I love my daughter. I believe she is talented and smart and wonderful and lovely and will do great things, and perhaps some of those things will be artistic things. But I don’t think she really drew this artwork her teacher sent home recently.
Reason 1: Because it’s just too good. Reason 2: Because they want us to buy lots of trinkets (coffee mugs, keychains, canvas bags) with this artwork printed on it, a large portion of which goes to the school—which perfectly great, but which signals to me that just maybe there was a vested interest in making this art really pop.
Behold, the full illustration:
Let’s break this down:
I asked my daughter where she got the idea for the picture and she said, Frida Kahlo. We have, in fact, looked at Kahlo’s paintings online, so this could be her work though she’s never drawn them before. I asked her if she got any help and she said, “Only with the pastels.” This didn’t clarify much.
This swoop is how my daughter draws her own hair. I believe she drew this hair.
I’ve never seen this nose before in any of the dozens and dozens of pictures she’s drawn freehand right in front of me. But hey, everyone’s a critic.
My child has never drawn lips so artistically.
The stars and rocket scene behind the self-portrait are fun and vibrant, but this is unlike/better than any picture my child has ever drawn, and it’s the first picture ever sent home with a solicitation for our money. Coincidence?
It’s too sure-handed. To me, this looks like an adult’s (ahem, art teacher’s) idea of what a kid’s drawing would look like, with the oddly spaced facial features and whimsical lines. I love it. But I don’t think my daughter 100% drew it.
After praising our child for drawing such a great picture, my husband and I asked our child gently to explain her inspiration for it. We asked as unobtrusively as possible, saying Oh honey it’s just so good, we love it, tell us about how you drew this, etc. Did she trace a picture or get help outlining her pencil drawing with a Sharpie, or maybe her teacher told her what to draw? No, I did it! she exclaimed proudly.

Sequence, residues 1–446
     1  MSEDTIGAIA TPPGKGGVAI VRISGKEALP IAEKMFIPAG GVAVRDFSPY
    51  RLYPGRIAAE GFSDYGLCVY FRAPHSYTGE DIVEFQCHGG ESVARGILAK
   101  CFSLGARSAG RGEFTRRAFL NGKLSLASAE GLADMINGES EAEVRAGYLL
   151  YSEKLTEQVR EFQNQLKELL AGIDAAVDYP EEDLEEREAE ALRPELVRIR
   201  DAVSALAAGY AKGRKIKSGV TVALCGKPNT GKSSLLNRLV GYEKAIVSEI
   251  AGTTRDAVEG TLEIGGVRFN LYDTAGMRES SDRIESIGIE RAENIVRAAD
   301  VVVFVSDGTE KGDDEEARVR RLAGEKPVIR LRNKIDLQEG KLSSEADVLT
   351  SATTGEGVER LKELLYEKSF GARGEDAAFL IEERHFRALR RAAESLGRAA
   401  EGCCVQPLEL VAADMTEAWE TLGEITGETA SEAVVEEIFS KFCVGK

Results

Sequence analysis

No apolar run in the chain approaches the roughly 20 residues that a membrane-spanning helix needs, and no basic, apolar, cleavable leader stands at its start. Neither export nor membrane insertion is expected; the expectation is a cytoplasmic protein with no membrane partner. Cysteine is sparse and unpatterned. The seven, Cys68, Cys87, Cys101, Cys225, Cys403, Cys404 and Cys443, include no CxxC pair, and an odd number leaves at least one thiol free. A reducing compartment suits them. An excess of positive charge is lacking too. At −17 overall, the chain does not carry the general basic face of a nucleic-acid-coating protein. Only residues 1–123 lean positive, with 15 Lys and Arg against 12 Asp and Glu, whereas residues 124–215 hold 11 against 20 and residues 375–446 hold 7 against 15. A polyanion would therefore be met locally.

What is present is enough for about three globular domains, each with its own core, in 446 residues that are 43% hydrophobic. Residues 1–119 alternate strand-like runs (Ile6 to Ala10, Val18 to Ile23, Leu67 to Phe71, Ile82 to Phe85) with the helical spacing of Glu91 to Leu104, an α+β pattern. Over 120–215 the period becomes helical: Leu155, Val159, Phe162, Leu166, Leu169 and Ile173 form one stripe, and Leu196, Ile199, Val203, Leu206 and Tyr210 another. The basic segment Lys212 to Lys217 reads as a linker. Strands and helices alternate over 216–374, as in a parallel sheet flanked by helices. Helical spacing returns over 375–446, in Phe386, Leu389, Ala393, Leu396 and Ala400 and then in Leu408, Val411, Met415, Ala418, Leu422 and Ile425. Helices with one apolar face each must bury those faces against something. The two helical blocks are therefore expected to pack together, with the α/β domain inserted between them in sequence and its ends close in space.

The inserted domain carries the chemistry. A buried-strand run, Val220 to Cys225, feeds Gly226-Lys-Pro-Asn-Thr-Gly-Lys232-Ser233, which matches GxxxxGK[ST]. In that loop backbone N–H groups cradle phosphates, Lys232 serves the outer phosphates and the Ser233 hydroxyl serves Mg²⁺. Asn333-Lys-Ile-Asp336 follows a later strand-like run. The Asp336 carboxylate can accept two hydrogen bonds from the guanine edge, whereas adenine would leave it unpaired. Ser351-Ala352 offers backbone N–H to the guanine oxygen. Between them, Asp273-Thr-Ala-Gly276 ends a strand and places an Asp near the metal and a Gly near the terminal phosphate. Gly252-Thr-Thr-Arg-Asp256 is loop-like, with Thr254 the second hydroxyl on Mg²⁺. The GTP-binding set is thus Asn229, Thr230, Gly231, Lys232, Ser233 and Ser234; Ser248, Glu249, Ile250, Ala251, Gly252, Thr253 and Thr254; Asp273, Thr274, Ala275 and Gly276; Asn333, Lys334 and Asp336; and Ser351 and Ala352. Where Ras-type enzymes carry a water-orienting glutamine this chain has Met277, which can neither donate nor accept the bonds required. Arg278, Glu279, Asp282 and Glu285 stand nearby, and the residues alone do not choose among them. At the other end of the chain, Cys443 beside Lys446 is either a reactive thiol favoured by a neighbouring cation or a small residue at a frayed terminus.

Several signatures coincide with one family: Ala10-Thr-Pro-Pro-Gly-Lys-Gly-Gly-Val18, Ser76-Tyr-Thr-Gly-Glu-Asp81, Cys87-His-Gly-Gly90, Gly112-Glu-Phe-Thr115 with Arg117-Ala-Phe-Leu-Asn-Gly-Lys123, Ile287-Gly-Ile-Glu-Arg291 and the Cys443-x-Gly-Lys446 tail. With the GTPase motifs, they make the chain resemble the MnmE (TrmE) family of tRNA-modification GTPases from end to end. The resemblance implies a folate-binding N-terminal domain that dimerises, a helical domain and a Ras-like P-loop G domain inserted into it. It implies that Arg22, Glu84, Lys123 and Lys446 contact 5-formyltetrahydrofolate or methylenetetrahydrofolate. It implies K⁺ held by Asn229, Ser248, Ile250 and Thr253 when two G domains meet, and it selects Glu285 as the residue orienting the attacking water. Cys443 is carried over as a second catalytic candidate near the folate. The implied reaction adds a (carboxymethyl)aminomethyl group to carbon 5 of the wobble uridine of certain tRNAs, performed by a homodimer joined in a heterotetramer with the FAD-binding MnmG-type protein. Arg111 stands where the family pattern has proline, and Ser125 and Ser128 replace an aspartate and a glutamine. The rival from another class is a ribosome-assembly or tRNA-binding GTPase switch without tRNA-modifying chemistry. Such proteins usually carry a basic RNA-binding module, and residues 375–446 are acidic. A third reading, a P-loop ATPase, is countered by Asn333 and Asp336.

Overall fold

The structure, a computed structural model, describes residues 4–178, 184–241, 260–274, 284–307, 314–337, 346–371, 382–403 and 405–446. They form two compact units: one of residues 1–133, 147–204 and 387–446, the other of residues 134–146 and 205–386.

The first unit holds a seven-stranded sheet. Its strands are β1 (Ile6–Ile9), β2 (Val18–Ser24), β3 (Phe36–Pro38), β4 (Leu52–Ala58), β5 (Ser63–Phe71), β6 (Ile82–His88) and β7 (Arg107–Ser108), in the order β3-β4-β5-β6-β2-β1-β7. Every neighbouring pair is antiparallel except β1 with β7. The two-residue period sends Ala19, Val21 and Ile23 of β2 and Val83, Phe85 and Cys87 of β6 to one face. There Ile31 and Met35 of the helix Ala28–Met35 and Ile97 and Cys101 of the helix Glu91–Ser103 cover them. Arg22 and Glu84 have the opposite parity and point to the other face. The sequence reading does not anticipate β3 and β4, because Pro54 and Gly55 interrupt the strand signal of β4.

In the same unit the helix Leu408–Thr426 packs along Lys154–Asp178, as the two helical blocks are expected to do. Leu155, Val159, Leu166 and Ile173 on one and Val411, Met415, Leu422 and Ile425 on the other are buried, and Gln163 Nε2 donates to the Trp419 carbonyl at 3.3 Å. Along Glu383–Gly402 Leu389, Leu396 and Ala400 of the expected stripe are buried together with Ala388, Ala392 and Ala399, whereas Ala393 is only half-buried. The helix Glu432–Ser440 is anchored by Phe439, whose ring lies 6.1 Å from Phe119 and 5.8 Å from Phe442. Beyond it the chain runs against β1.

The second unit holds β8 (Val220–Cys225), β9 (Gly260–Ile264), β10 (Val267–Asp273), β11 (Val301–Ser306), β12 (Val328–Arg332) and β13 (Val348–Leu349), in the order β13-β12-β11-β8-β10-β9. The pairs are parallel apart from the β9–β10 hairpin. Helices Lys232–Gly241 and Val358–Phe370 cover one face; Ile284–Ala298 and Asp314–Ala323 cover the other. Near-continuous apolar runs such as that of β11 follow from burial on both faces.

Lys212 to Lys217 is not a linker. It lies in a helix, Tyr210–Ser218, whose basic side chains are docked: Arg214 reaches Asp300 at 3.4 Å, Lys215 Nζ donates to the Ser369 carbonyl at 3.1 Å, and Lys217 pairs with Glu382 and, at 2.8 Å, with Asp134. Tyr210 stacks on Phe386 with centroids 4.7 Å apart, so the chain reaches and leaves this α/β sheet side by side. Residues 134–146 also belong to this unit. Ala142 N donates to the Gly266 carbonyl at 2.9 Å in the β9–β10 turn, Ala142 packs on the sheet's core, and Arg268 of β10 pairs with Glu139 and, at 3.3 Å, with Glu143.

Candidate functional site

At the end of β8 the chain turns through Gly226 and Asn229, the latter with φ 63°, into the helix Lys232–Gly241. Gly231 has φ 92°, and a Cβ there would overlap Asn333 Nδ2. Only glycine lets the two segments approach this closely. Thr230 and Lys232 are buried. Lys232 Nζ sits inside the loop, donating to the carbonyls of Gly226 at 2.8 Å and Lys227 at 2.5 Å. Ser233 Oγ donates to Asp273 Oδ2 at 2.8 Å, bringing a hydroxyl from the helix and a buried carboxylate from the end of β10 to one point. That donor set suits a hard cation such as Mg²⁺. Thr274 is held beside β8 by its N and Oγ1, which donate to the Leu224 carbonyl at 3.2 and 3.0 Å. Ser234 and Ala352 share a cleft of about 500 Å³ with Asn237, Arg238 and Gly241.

As a fan of red-teaming any situation and looking for the obvious flaws in my own logic, I will say that maybe the child was asked to rise to the occasion of making coffee-mug, school-fundraising-level artwork and so she did—like a baller. Maybe it’s just that it’s outlined in Sharpie and photocopied and it looks extra bold. Maybe it’s that she’s actually more artistically talented than most 5-year-olds, myself, and her father, and I’m being awful and skeptical and later on this column will be taken to therapy as proof that I “never believed in her” and I am a bad person.
But here is a picture of something she drew a few weeks ago, something I would say is typical of what she draws on her own:
I love it! It’s the best. But note the difference, the scribbly-ness, the child-like-ness. See the normal 5-year-old-ness? Me, too. For comparison’s sake, here are some other pictures drawn by typical 5-year-olds, and they line up with what my daughter draws too. I’m not bummed by this. She’s hitting the milestones! It’s all good! I don’t need to pretend it’s any better or worse than what it is. I love whatever she is doing, exactly as it is.
So why am I going off on this? What is the harm? What’s the big deal? So she got help—it’s for a good cause!
Well, in part, because this happened constantly at her last preschool (art made by a grown woman passed off as art made by a child), and I chalked it up to the influence of an extremely high tuition; the teachers must have felt obligated to make every child seem like a genius. In kindergarten, I thought, we will finally get a sense of her true abilities and go from there. This is your job as a parent, I think—to mentor your child through the world, to be a partner in their education. But you can’t do that if your intel is false.
Here, then, fundamentally, is my problem with this alleged artwork of dubious origins: it’s needless fluffing. I don’t need fluffing! Neither does she! I would gladly pay money for a picture of a steaming pile of dog shit on a coffee mug if my child really drew it. I would pay money for a tossed-off pencil scribble on a T-shirt if it was really from my kid’s hand, mind, vision.
School—public school, no less!—should be a place for neutral, objective feedback. I realize this involves human people making judgment calls based on what may arguably be a flawed system, but when it comes to art, I want to see my child’s work and only that. And of course, if it turns out this really is her drawing, mommy loves you, honey! Mommy is sorry.
But mommy is also pretty sure she’s right.
Image courtesy of the author.